Performance is still at the centre of what I want to pick apart between the two films but in combination with the issue of genre and the associations that Bardem brings with him. I'm not sure whether I've got two ideas fighting each other, or just one that I've not properly untangled yet.
My intention is to look at the associations that Bardem's presence generates (at least in Spain) particularly in relation to cine social, before moving on to his performances in the two films, alongside criticism of the films that specifically relates to genre and their treatment of social issues. I think that Los lunes al sol addresses its themes, and wears its social conscience, with greater skill than Biutiful, but also better utilises Bardem and certain elements of his star image. It's not that there are obvious similarities between the films (they are quite different in terms of both visual style and their treatment of their respective subjects) but rather that Bardem's character and performance in the latter strongly reminded me of the earlier film because of the way that the performance seems (to me) to be a turning-inside-out of the earlier one. I don't think that Biutiful is cine social by any straightforward definition (but is genre ever clear cut? Los lunes al sol could be viewed as containing elements of melodrama as well) - but what is interesting is how it has been shoehorned into that genre by certain critics (particularly in Spain), and then judged as having failed to meet 'the standard' (again, particularly in Spain - both films have received their share of scathing critical commentary*). I think that this shoehorning is partly because of the associations that Javier Bardem brings with him for a range of reasons, but namely his style of acting (which is where the performance/genre overlap comes in).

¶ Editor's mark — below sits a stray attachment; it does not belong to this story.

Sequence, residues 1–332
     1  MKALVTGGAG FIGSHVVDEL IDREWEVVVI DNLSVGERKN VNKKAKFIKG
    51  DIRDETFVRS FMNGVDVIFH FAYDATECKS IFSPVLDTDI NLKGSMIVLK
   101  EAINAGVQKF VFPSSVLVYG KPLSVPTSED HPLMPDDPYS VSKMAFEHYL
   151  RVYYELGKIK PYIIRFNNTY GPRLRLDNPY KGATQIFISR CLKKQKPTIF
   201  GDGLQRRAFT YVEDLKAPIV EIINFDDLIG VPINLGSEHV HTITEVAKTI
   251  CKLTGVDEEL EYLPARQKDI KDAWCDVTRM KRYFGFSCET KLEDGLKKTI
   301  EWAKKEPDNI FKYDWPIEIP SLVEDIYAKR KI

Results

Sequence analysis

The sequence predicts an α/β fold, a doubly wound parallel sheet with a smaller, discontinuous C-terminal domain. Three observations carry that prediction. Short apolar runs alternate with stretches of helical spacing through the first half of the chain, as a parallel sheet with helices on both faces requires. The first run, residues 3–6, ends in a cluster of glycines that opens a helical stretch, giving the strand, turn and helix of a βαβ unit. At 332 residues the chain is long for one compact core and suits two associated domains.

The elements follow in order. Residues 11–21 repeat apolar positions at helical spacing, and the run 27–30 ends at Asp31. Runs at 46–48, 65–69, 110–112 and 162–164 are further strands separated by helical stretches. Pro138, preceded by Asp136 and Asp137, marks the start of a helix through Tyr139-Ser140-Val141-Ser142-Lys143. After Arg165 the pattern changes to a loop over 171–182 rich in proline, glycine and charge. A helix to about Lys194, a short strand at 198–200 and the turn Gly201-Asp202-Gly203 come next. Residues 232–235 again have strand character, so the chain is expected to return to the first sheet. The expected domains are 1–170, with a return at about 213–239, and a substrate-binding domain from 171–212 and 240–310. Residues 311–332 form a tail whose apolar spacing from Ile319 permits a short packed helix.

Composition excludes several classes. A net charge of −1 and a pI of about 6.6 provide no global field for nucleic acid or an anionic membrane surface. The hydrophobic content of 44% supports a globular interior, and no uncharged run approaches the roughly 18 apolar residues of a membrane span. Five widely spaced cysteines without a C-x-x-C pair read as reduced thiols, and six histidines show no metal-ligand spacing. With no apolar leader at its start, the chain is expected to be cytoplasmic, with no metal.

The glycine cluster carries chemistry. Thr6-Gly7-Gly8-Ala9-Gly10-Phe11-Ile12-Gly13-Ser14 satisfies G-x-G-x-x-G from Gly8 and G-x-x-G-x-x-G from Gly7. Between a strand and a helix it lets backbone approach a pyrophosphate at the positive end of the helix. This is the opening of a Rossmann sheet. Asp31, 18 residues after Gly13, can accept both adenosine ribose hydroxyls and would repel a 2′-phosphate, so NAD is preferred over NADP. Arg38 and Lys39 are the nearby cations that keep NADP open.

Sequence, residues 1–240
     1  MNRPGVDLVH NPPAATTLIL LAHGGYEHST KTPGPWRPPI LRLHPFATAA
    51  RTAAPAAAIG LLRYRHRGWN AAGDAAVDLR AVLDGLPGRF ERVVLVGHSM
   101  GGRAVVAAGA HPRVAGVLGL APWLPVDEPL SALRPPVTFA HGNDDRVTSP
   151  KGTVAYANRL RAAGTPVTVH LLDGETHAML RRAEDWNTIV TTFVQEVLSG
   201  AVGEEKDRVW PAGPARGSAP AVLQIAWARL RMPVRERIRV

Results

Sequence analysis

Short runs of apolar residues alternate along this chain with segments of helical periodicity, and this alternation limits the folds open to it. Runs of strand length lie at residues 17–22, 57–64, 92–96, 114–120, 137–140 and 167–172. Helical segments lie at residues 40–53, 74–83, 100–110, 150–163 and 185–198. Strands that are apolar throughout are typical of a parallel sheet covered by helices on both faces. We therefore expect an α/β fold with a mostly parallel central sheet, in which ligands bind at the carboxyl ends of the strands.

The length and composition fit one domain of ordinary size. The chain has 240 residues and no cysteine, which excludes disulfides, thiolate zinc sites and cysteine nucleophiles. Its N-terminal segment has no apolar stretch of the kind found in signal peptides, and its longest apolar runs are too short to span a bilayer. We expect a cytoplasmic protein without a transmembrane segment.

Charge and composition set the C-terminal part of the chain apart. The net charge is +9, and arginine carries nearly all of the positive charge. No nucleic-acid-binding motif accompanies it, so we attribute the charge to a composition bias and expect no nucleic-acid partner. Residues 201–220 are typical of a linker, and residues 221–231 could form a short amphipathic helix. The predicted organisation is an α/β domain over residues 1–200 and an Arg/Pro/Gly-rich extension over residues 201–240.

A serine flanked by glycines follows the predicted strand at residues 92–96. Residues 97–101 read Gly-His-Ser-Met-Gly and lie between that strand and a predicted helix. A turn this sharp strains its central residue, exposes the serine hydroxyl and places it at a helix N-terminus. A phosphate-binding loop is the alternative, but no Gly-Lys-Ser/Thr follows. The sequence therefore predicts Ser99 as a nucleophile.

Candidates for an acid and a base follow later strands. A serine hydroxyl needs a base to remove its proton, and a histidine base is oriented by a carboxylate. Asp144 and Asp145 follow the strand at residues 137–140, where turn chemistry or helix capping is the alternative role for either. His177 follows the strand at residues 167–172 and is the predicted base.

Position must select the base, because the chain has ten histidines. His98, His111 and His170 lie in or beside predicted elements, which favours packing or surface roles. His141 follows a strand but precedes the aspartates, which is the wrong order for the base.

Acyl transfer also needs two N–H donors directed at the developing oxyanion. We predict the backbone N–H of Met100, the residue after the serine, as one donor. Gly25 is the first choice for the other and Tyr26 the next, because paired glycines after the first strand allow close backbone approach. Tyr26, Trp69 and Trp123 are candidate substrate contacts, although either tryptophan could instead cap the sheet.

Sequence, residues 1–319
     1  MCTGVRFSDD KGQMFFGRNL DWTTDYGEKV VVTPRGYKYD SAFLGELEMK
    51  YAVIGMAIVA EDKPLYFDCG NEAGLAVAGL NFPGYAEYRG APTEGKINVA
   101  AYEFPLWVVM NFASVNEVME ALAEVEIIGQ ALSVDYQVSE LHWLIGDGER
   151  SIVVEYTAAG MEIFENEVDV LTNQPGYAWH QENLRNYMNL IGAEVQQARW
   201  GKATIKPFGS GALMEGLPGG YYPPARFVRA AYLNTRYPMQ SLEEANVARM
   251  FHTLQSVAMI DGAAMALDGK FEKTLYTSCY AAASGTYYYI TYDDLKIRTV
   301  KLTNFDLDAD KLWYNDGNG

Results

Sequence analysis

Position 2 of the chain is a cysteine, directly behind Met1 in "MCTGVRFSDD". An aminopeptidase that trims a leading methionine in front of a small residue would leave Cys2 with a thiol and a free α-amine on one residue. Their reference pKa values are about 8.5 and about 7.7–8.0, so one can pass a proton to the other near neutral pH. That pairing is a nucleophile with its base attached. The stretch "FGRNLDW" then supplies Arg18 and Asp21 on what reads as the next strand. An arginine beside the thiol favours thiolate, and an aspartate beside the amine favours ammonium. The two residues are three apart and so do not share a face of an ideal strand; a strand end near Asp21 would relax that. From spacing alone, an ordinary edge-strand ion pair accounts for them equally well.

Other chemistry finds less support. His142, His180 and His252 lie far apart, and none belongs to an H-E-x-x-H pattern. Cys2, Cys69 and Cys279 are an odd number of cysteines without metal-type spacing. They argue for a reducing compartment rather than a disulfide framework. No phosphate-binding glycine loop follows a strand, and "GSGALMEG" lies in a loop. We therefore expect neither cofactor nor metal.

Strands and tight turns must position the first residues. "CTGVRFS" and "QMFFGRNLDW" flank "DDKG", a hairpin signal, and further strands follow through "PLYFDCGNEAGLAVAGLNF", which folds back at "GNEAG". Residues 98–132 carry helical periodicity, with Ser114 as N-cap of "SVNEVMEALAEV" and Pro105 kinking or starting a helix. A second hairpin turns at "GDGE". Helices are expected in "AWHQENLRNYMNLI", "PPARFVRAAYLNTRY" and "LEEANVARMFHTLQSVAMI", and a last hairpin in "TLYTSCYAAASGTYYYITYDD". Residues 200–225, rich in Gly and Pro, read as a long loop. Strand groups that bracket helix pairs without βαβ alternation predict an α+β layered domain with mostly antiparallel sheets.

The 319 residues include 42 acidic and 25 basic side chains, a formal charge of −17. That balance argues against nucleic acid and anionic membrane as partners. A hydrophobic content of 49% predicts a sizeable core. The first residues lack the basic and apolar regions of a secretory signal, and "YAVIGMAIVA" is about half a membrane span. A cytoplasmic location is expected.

What I may do initially is use the blog to write about his performance in each film, so as to ground myself in them and to clarify what I'm grasping for by actually having to put what I think he does through his performances into written words. And then I'll have to do battle with genre and sort out my argument. But I think that if this nugget of an idea has stuck with me for two years while I've flailed around doing other things, then I should probably follow it. I'm putting all of this up here so as to hold myself to it because I find it far too easy to carry around ideas in my notebook without attempting to develop them - so feel free to give me a nudge if nothing appears on here in the next month!
*One of my favourite 'takedowns' of Los lunes al sol comes from Fecé and Pujol, who describe the film as ‘bienintencionada […] aunque conviertan el paro y la lucha de clases en una hipotética canción de Eurovisión cantada en esperanto: Si todos los parados del mundo caminasen cogidos de la mano’ ['well-intentioned [...] although they convert unemployment and the class war into a hypothetical Eurovision song sung in esperanto: if all the unemployed of the world could walk along hand in hand'] (2003: 161-162) - which is cutting but nonetheless makes me chuckle every time I read it. Biutiful's scathing commentary is more wince-inducing than funny (I think I tweeted some of my favourites when I watched it).